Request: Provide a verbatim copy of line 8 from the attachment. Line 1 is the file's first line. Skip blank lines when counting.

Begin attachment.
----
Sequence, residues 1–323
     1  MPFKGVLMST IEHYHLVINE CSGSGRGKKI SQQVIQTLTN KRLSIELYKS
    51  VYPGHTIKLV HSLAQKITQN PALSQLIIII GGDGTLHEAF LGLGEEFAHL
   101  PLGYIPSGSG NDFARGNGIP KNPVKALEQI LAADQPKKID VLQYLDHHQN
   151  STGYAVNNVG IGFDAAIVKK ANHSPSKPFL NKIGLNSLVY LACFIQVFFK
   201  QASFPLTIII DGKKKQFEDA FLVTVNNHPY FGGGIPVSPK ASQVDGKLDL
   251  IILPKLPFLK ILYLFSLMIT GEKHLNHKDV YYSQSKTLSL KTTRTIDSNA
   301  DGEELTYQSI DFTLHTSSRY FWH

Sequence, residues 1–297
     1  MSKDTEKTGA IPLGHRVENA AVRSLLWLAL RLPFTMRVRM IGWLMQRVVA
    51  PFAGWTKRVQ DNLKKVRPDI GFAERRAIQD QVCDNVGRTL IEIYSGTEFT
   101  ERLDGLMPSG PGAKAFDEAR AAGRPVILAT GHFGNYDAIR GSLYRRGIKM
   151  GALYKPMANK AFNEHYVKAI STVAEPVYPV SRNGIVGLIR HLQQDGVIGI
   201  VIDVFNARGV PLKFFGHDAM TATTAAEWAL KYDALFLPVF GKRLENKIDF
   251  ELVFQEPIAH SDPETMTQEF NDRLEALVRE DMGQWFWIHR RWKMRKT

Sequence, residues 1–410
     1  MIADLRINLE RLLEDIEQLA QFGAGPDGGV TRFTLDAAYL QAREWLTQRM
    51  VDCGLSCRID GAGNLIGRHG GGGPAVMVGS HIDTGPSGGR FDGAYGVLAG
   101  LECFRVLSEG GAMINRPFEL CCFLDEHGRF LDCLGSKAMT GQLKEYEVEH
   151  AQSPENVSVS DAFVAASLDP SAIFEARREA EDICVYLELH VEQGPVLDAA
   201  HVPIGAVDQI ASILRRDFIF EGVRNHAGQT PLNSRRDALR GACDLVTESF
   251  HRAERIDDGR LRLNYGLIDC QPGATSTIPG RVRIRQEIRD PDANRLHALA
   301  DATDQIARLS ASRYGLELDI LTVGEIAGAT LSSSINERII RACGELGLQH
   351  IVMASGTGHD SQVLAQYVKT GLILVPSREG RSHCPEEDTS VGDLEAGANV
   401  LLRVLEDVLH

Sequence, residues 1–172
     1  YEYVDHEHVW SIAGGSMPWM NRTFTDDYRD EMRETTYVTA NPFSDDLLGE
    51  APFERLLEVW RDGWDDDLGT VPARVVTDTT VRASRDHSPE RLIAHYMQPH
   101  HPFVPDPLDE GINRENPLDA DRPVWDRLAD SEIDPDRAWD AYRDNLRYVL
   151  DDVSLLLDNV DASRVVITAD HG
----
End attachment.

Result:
   301  DGEELTYQSI DFTLHTSSRY FWH